The biggest strengths being, as always, a great sense of character to most of the NPCs, even if you have seen some of the types before and really fun (sometimes funny) sidequests, as well as some of the most atmospheric worldbuilding you will find.
Alas, the flaws really are the same as always, too. So much so, in fact, that I am starting to doubt that Bioware actually wants to improve. The flaws are the terribly samey, been-there-done-that-plotting, moving from non-surprise to nice little idea to thing I lived through in every single other game by Bio, the lazy, too-streamlined combat, all culminating in a feeling that Bioware lets by now design parts of their games by automated plotting machines.
I don't mind the moral decision making part of the gameplay that got lots of flak from most reviewers as much. You just have to keep in mind that Bioware is a Canadian company and as such naturally unable to distinguish between rudeness and Evil. No offense.
Though all this may sound very negative, the game still has many moments of great fun, it just too often keeps on the safe side of the line between workmanship and art. I'm just hoping for Bio's designers to take some risks from time to time.

Saturday, January 5, 2008

Eye in the Sky (2007)

The film rethinks the well-worn and beloved Hong Kong Cop movie genre for the surveillance age. As the earlier films of the genre were very much about doing things and the consequences of it, Eye in the Sky is about watching and the consequences of not doing.
I found this especially clear in the few action sequences of the film, which are not trying to bring us into the action as a participant, but as an observer.
The usual slickness and good to great acting of current Hong Kong cinema apply here, too.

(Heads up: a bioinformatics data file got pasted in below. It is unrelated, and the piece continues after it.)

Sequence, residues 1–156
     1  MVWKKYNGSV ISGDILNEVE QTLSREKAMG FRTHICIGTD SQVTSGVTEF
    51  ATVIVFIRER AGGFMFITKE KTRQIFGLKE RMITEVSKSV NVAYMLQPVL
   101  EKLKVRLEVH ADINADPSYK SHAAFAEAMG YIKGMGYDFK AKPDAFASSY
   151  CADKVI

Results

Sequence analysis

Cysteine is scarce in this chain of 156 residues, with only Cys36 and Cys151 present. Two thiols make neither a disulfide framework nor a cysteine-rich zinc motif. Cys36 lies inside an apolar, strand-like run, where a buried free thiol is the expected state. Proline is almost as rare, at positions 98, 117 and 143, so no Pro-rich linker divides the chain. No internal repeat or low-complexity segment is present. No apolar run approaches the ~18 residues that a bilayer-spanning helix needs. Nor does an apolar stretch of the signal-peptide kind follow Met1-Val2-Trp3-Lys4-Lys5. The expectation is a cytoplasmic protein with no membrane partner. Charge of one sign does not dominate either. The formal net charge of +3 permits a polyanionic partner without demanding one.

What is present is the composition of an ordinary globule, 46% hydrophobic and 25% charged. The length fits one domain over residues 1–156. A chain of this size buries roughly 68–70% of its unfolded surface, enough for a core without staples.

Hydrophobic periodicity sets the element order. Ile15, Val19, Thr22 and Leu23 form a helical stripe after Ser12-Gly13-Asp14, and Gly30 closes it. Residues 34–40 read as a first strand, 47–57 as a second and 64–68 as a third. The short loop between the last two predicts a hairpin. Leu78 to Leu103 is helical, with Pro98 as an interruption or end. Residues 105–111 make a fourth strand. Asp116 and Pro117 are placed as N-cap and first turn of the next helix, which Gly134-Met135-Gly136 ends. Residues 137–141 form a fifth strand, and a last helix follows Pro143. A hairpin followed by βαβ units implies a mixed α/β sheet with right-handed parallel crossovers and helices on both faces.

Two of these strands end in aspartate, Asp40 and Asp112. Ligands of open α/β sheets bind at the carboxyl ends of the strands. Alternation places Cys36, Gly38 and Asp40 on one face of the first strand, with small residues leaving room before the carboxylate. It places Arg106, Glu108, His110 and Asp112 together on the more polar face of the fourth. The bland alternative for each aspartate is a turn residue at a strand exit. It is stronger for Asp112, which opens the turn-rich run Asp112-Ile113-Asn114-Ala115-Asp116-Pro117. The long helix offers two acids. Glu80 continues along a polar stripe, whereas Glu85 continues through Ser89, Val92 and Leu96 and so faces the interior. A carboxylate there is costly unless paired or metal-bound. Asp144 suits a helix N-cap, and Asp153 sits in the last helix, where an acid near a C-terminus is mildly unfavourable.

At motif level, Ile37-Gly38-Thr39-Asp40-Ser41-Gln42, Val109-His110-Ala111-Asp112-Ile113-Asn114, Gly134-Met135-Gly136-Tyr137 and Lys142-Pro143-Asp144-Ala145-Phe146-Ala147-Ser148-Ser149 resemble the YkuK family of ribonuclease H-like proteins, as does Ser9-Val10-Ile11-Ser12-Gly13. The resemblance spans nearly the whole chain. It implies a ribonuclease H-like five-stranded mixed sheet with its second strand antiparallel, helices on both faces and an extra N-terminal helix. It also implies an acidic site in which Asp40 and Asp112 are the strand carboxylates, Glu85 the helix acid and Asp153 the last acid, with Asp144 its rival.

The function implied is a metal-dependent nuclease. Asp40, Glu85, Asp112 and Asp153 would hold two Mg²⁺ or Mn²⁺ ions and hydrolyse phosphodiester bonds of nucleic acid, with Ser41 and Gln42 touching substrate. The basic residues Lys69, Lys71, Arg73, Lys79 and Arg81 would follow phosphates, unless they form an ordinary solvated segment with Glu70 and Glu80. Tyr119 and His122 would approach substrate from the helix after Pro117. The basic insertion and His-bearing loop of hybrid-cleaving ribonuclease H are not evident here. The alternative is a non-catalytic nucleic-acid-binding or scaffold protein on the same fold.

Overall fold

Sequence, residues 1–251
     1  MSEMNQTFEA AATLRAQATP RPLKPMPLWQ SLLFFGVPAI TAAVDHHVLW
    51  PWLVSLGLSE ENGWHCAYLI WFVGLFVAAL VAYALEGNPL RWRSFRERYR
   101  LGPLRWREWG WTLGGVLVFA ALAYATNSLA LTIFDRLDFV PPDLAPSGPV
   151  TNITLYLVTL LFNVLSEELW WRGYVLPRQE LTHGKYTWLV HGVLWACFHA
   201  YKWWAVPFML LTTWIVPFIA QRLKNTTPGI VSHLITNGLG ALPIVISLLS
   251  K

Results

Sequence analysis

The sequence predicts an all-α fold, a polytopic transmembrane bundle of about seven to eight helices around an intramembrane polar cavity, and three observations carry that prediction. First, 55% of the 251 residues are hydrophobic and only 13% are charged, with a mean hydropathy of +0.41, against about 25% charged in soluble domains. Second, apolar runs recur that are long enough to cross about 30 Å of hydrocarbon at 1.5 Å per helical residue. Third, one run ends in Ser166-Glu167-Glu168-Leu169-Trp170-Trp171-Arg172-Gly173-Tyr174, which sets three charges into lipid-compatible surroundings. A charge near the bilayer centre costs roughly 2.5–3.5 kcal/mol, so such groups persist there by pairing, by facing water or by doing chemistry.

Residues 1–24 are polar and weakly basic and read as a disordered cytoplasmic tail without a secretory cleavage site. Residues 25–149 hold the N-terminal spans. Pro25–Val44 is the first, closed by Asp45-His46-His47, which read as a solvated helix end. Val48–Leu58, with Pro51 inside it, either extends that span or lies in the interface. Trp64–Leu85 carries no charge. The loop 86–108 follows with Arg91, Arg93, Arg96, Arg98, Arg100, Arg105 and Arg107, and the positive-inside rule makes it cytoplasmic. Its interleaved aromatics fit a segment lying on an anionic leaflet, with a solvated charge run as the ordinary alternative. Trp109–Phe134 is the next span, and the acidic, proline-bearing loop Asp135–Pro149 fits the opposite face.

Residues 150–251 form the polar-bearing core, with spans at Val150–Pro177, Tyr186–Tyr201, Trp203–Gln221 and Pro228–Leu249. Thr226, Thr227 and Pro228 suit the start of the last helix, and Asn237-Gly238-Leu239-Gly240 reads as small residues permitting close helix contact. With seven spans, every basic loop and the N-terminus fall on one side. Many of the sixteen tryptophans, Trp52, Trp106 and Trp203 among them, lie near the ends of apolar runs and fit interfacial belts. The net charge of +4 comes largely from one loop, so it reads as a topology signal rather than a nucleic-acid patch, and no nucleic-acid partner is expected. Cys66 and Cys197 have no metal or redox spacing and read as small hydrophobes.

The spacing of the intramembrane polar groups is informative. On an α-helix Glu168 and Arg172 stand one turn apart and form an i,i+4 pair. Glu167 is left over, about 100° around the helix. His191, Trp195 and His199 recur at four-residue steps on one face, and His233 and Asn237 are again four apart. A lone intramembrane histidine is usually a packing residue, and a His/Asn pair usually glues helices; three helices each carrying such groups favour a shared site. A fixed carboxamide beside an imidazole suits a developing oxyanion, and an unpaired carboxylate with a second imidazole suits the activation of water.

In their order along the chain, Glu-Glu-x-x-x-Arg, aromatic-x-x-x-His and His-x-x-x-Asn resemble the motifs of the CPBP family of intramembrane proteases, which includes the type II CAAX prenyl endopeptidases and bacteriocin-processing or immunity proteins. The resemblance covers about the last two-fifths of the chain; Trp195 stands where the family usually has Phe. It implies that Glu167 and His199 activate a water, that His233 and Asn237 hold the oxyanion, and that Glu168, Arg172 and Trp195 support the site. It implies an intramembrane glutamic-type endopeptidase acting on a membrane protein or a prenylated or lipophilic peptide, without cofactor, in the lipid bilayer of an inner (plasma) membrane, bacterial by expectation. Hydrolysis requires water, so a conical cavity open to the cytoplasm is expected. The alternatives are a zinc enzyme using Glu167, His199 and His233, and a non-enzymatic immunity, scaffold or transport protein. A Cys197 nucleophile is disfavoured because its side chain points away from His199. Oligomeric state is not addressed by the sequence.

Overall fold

For the most part, I highly recommend the film, only the excessive use of chance/divine intervention in the last act grates a little. Grates enough, actually, to make an essential film into a very good film.

Friday, January 4, 2008

So, how bad was the Doctor Who Holiday Special?

Ever heard of the Titanic? No? Lucky you. I never wanted to see anything happening on that damn ship ever again, but hey, who wants originality? Russel T. Davies not.
And I'm no longer slightly irritated by, but actively loathing the idea of the Doctor as intergalactic sex-pot whose magnetic rodenty looks let every woman he meets fall in love with him. And who falls deeply in love with every white woman he meets after about five seconds.
What else is there to say about the episode? Oh, yeah, the plot...You know who wrote it, so you know how incredibly sloppy it was. And of course, there has never been any sensible dramatic composition in a Davis-episode. So, until the guy finds himself a writing partner or a story editor, we'll have to live through crap like this.
Although I bet that the new Torchwood season will be even worse.
Where's Paul Cornell when you need him?